Jean Pierre Boyer, President de la Republique d'Haiti
Paris: Chez Jean, [circa 1820].
Bolívar wrote to Pétion, “In my proclamation to the inhabitants of Venezuela and in the decrees, I have to issue concerning the slaves, I do not know if I am allowed to express the feelings of my heart to your Excellency and to leave to posterity an everlasting token of your philanthropy. I do not know, I say if I must declare that you are the author of our liberty.”
Marlene L. Daut who is the Associate Director of the Carter G. Woodson Institute for African American and African Studies tells me, “Significantly, Boyer saw the Greek independence movement as an extension of the one heralded by the Haitian revolutionaries in 1804, which culminated in Haiti’s freedom and independence from France.”
Below are extracts from Boyer’s response sent to Adamantios Korais, the Governor of Greece in 1822. As Sideris and Konsta explain, it “provides interesting insights into how the Haitian president viewed the role of Haiti in the world. At the same time, it highlights the allure Haitian revolutionaries had among contemporary Greek revolutionaries thousands of miles away.”
LIBERTE (The Hag) EGALITE JEAN PIERRE BOYER
President of Haiti
To the citizens of Greece A. Korais, K. Polychroniades, A. Bogorides and Ch. Klonaris In Paris
Before I received your letter from Paris, dated last August 20, the news about the revolution of your co-citizens against the despotism which lasted for about three centuries had already arrived here. With great enthusiasm we learned that Hellas was finally forced to take up arms in order to gain her freedom and the position that she once held among the nations of the world.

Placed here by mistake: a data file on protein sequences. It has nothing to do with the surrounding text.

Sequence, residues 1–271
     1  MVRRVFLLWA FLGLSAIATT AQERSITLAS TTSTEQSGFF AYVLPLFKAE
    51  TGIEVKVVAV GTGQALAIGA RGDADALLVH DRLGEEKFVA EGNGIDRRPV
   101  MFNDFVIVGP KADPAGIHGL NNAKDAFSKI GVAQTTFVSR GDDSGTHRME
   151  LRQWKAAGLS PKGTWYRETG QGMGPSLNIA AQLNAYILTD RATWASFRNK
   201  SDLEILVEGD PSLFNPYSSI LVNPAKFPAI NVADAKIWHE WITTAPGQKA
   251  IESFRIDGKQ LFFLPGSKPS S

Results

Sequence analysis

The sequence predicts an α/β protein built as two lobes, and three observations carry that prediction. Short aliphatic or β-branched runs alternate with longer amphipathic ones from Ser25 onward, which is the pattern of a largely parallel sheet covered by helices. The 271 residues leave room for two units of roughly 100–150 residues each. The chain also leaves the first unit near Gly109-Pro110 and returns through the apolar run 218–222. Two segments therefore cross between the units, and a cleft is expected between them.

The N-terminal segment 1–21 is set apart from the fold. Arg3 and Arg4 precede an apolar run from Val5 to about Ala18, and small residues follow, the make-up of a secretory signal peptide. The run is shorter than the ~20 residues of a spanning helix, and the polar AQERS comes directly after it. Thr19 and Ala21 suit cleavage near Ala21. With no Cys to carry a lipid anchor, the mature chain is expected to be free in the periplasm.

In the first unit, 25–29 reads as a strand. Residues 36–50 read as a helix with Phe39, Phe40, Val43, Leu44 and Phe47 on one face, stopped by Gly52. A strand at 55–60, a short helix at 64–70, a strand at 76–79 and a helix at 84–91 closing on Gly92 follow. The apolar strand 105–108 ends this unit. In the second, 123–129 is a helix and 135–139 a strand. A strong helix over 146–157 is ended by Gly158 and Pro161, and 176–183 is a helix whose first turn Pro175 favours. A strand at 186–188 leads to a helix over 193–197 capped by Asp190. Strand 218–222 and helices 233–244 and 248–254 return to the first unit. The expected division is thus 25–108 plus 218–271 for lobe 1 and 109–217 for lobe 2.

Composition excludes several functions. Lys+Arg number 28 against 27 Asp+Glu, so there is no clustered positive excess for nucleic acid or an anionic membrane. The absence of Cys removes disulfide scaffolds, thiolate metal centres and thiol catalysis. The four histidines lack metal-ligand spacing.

Such a beautiful and just case and, most importantly, the first successes which have accompanied it, cannot leave Haitians indifferent, for we, like the Hellenes, were for a long time subjected to (a) dishonorable slavery and finally, with our own chains, broke the head of tyranny.
Wishing to Heavens to protect the descendants of Leonidas, we thought to assist these brave warriors, if not with military forces and ammunition, at least with money, which will be useful for acquisition of guns, which you need. But events that have occurred and imposed financial restrictions onto our country absorbed the entire budget, including the part that could be
disposed by our administration. Moreover, at present, the revolution which triumphs on the eastern portion of our island is creating a new obstacle in carrying out our aim; in fact, this portion, which was incorporated into the Republic I preside over, is in extreme poverty and thus justifies immense expenditures of our budget. If the circumstances, as we wish, improve again, then we shall honourably assist you, the sons of Hellas, to the best of our abilities.
Citizens! Convey to your co-patriots the warm wishes that the people of Haiti send on behalf of your liberation. The descendants of ancient Hellenes look forward, in the reawakening of their history, to trophies worthy of Salamis. May they prove to be like their ancestors and guided by the commands of Miltiades, and be able, in the fields of the new Marathon, to achieve the triumph of the holy affair that they have undertaken on behalf of their rights, religion and motherland. May it be, at last, through their wise decisions, that they will be commemorated by history as the heirs of the endurance and virtues of their ancestors.
In the 15th of January 1822 and the 19th year of Independence, BOYER